My GPS Setup:
Garmin GPS 60
- Garmin GSP60 reciever
- Plug-in cig adapter for power + battery back up for when the engine is off
- Gilsson MCX auxillary antenna mounted on hood.
- National Geographic TOPO! mapping software.
When shopping for a GPS receiver about 2+ years ago I just wanted something to map the trails. I already knew where I was going so I just wanted a recorder, pretty much. The GPS 60 was the cheapest I could find that had a good built-in antenna, and the WAAS stuff to help refine the signal and it also interfaced with my Mac. I could turn it on, run the trail, then hit record. Very simple and straight forward. I really didn't want a lot of features. Also, being that it's hand held I can take it with me outside of the Jeep easily. That said, if I were to get another one I wouldn't mind a color screen and ability to load topo maps onto the unit. Garmin has some other GPS60 series units that have more features and I'd look at those.
As nice as the GPS 60 is, it's compromised by the need for the small built-in antenna. Factor in the fact I didn't have a good mounting spot (I had it dangling from my rear view mirror) AND the dense tree cover in the NW and signal reception was a bit of a problem. On the Reiter run there'd be some significant gaps in signal coverage. Not a big enough problem but it was there.
Gilsson MCX Auxillary Antenna
Wow. HUGE FREAK'N DIFFERENCE in signal strength. This antenna gives similar performance to Garmin's own external antennas but it retails for ~$23 instead of Garmin's $99. It was simply amazing how much the signal improved with the use of the antenna. I figured I was getting at minimum of 3 times better reception and probably averaged 5-6 times improved reception. Before I'd get strong but partial signal on 2-3 satellites and maybe a full-bar signal on another. With the Gilsson antenna I'd get 5-6 full solid bars of reception and another 2-3 very strong partial signals. It'd also take just a fraction of the time to pick up the satellites that without the antenna.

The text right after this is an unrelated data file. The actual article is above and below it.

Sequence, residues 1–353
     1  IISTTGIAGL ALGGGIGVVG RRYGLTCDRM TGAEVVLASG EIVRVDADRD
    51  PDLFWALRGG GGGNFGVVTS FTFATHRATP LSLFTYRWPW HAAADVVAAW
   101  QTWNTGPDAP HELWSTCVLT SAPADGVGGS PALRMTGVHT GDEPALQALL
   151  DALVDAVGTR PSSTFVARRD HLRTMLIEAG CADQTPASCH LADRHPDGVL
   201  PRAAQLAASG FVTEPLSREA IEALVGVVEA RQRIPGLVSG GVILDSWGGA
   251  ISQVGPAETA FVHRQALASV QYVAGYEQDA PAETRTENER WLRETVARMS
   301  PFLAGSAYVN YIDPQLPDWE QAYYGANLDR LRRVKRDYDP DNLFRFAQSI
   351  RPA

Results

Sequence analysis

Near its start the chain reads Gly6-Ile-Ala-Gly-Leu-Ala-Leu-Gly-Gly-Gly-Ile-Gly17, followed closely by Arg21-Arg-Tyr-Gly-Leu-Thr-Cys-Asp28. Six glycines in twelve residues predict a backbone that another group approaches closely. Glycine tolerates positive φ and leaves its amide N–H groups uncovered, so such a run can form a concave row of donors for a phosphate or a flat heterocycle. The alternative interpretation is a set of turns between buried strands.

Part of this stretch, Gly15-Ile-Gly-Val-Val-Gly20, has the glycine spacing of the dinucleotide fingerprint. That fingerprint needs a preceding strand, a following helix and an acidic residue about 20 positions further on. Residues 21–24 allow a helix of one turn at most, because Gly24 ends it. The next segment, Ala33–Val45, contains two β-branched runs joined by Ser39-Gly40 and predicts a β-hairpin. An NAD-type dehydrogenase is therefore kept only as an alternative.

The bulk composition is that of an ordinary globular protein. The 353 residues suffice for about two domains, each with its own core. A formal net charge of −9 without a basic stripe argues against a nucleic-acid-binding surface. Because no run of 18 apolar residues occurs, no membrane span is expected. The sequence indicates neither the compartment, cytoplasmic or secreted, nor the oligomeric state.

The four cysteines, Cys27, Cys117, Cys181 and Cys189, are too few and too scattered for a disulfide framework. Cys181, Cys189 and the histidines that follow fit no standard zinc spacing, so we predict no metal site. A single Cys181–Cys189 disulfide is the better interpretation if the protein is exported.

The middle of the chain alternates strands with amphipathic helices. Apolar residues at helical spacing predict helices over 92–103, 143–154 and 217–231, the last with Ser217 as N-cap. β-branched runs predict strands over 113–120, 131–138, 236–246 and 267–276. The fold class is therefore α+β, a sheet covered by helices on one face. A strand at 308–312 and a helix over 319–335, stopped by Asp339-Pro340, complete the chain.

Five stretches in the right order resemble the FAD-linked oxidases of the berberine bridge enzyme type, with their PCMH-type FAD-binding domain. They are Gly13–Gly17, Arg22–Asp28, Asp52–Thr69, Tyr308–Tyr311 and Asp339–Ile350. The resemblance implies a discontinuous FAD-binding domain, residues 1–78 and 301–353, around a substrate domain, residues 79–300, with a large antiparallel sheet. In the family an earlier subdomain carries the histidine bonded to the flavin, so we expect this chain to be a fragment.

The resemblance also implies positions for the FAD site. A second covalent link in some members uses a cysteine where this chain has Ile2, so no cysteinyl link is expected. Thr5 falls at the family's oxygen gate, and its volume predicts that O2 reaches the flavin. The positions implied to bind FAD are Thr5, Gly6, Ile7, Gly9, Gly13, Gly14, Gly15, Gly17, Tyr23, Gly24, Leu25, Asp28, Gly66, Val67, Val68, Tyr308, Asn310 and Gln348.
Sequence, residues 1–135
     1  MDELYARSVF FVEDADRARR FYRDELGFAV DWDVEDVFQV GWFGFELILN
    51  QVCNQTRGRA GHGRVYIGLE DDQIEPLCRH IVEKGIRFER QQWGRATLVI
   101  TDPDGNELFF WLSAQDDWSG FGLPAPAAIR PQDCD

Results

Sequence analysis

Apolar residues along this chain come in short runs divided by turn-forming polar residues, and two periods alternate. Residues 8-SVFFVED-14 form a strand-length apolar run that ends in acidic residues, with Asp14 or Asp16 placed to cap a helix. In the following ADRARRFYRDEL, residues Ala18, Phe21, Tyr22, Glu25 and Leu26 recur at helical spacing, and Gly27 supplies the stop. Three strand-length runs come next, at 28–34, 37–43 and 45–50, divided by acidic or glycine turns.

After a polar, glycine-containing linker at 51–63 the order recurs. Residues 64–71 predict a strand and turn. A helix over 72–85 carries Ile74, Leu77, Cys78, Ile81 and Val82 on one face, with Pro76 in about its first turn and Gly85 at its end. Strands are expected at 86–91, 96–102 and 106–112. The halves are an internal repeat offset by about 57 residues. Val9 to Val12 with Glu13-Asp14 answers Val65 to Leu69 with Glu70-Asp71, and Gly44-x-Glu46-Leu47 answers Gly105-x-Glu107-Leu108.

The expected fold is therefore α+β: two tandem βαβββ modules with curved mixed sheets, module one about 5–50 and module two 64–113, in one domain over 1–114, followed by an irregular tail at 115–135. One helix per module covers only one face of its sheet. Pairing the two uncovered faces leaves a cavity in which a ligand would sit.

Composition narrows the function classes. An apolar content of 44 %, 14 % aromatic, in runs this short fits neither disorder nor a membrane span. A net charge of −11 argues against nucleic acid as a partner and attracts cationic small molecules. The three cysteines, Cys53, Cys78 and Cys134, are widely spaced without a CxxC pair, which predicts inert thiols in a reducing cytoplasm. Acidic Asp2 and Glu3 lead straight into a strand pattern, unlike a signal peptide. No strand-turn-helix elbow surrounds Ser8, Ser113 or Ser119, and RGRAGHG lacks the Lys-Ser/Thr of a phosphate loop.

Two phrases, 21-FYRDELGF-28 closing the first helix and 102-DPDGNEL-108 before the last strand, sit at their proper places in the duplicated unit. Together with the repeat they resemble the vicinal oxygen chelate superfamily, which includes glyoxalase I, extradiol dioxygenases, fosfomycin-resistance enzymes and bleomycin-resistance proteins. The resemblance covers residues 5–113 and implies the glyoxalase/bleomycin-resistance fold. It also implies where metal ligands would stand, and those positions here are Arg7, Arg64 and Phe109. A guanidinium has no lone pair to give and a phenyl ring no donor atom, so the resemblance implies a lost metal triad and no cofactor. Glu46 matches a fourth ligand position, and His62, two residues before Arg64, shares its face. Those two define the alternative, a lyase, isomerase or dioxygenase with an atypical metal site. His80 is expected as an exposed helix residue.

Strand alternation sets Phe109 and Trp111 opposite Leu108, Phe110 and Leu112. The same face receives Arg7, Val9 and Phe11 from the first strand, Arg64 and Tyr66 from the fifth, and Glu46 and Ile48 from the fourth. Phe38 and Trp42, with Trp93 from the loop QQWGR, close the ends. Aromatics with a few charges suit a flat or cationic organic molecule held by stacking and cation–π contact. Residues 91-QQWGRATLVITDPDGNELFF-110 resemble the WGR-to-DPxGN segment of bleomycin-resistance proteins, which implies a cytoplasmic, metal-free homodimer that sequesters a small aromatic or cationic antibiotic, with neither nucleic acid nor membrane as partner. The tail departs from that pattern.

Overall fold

Also, the antenna has a 9 ft wire and magnetic base. I was able to stick it on the hood where it had an unrestricted view up from the Jeep. This also let me stick the GPS 60 receiver in my cup holder where it was significantly more secured and much less annoying. The antenna cable was thin enough to run through the weather stripping on the passenger door.
National Geographic TOPO! Software
What can I say. . . it works. But it's very clunky. I like that is uses the 7.5' USGS base maps and that you can turn shading on for improve map readability (helps define the contours and land shape). But the software tools really suck and are difficult to work with. I've found work-arounds to speed up and ease the use of the software but it's just poorly designed. Unfortunately, it's the only software that I know of (at least at the time I bought it) that works on the Mac platform.
For the Reiter Map (and what I'll do for the Evan's Creek map) is import the GPS data into TOPO! to get the trails mapped out over the base raster map images. Then I'll re-trace the routes if needed to clean them up and get continuous trail routes (instead of cut up into separate sections we ran at different times). Finally, I'll select all the trails and change their line colors to what I want. And I'll generate some extra content such as the elevation profiles, note trail milages, and any 3D perspective views. All this gets exported into Photoshop where the final map is composed. Icons added, text written, borders drawn, titles typed, etc.